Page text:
Filling shortage areas, expanded mortgage incentives and new guidelines for current and retired teachers included in bill


Hartford, Conn.
Today, the House of Representatives voted to pass Senate Bill 1022 An Act Concerning Minority Teacher Recruitment and Retention by a unanimous vote of 150 to 0. ConnCAN is proud to have worked with the governor and legislature to develop and advance this set of policies with broad bipartisan support. Governor Lamont has indicated he will sign SB 1022 in the coming weeks.

ConnCAN Executive Director Subira Gordon said: “This bill is the result of years of hard work and commitment by the Minority Teacher Recruitment Task Force and the CT Black and Puerto Rican Caucus. It’s exciting as SB 1022 tackles both education and workforce issues. Studies show that students respond positively, both academically and socially, when exposed to a diverse teaching corps. This legislation makes an impact, today, as Connecticut has the opportunity to fill positions that are currently available. Welcoming teachers of color to classrooms in Connecticut can have a multiplying effect as more students become inspired to enter the profession.”

SB 1022 includes the following sets yearly targets for net increases of minority teachers and administrators (250 per year of which 30% are men). Additionally, the bill:

  • re-examines certification reciprocity agreements with all 50 states and simplifies credit requirements for teacher candidates in shortage areas
  • allows teachers with lapsed licenses to re-enter the workforce through a more streamlined recertification process.
  • provides mortgage assistance for teachers who graduated from colleges and universities that traditionally serve minority students (eligibility will be expanded for a current mortgage assistance program under the Connecticut Housing Finance Authority (CHFA).
  • Expands allowance for retired teachers to be re-employed for up to a year in (1) a school located in a priority school district or (2) a teacher shortage subject area.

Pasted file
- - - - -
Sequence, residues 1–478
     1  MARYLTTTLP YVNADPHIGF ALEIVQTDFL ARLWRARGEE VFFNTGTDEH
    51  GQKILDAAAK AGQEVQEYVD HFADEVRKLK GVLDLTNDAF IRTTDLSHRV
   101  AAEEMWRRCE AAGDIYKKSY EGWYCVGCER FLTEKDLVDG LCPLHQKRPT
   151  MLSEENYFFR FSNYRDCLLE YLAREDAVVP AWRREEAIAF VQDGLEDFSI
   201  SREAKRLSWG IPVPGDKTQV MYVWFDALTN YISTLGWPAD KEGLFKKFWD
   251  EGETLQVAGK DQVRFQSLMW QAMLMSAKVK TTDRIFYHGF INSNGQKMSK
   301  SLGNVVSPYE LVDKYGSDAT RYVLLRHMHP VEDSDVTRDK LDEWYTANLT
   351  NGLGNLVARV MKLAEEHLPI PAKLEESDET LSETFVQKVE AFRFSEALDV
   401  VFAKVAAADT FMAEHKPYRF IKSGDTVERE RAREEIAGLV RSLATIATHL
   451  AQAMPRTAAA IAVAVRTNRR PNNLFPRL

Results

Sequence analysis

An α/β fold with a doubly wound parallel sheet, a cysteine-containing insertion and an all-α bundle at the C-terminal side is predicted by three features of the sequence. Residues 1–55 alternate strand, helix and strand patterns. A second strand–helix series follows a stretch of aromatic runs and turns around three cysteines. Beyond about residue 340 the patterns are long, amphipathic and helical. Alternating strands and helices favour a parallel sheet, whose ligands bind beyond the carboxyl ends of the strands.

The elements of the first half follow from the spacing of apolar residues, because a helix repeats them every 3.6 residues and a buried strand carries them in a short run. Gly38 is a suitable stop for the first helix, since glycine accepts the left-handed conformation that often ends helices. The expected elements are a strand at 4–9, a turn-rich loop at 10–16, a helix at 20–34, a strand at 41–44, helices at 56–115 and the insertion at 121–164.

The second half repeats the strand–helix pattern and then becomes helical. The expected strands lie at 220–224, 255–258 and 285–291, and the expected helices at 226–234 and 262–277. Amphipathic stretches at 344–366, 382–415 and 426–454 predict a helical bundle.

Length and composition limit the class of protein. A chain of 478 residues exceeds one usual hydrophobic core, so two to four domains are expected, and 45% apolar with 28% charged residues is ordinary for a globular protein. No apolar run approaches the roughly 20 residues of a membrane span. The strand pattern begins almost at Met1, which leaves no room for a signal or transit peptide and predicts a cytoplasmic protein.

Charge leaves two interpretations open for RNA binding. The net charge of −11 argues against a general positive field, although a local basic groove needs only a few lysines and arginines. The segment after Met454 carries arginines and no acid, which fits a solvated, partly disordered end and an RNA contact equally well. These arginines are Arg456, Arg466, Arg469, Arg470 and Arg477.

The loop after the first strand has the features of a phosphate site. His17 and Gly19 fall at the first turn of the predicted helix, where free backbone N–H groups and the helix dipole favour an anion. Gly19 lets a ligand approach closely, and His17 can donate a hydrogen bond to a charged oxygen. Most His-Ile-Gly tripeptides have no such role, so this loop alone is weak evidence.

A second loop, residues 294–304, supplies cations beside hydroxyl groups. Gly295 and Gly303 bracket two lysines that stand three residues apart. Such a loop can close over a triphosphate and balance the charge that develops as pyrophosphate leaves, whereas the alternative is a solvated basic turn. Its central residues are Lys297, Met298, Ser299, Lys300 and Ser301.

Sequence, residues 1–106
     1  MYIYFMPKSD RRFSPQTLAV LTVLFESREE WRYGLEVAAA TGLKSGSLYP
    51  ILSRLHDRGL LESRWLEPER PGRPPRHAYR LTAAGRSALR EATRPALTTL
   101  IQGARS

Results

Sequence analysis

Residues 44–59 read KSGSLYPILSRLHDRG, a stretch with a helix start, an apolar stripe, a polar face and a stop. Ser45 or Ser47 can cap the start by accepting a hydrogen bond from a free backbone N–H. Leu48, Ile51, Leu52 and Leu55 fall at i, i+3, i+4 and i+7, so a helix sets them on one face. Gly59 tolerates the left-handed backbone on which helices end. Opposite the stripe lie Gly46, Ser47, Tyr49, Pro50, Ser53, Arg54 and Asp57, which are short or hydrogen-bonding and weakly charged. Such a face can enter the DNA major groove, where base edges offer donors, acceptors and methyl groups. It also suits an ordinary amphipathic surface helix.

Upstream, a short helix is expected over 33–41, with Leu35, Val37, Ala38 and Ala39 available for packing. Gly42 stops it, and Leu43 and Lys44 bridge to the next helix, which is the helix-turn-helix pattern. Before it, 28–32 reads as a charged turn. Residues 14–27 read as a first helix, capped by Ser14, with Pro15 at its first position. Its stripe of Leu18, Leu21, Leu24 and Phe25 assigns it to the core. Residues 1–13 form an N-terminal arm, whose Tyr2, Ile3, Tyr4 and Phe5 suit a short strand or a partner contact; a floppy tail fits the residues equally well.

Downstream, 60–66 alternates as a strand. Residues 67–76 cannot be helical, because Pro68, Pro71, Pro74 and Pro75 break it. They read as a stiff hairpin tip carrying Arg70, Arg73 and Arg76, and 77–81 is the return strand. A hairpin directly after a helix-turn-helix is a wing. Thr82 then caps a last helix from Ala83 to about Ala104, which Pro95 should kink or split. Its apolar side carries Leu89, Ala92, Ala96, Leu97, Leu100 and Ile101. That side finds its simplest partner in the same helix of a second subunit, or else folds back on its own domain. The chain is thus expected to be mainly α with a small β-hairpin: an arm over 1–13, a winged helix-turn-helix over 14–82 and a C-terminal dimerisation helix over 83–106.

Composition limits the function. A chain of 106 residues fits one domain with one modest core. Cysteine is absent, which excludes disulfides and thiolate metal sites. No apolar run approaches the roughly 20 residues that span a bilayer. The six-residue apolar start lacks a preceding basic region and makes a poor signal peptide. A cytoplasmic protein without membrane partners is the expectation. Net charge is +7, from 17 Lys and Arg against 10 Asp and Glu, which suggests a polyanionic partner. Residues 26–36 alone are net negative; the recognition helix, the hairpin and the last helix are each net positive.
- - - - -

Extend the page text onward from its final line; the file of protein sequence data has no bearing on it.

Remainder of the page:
Sections 262-263 of the state budget “establishes,” “expands,” or “includes funding for” a minority teacher loan forgiveness program within the Office of Higher Education; the budget includes funding of $250,000 in both FY 20 and FY 21 for this purpose.

Gordon added: “As America faces a growing shortage of teachers from diverse backgrounds, Connecticut will be proactive and recruit high-quality candidates. While nearly half of our public school students are children of color, fewer than one in ten teachers are — this bill is a step in the right direction and we will continue to support minority teacher recruitment efforts going forward.”

While some municipalities in Connecticut have made minority teacher recruitment a priority, this is the first time the state will enact such a comprehensive effort. The State Department of Education (SDE) must develop and implement strategies with existing resources.

The SDE commissioner annually designates shortage areas in subjects where there are not enough available qualified teachers. Current examples include bilingual education (pre-K through 12th grade), math (7-12) and science (7-12).

Throughout the session, legislators have overwhelmingly supported SB1022. The State Senate passed the bill on consent on Tuesday, May 28. It was introduced by the Education committee earlier this year and passed the Appropriations committee by a vote of 46 to 2. The bill is set to take effect July 1, 2019. The annual minority hiring goal is effective upon passage.

Gordon added: “I give my deepest appreciation to Education Committee co-chairs, Senator Douglas McCrory and Representative Bobby Sanchez, for their leadership on this issue. It is an honor and a privilege to work together.”

A full analysis of the bill can be found here.


About ConnCAN:  ConnCAN is leading a movement to improve education outcomes for Connecticut’s kids. We bring advocates, policymakers, parents and educators together to change the system and give all kids access to the great public schools they deserve.  Learn more at


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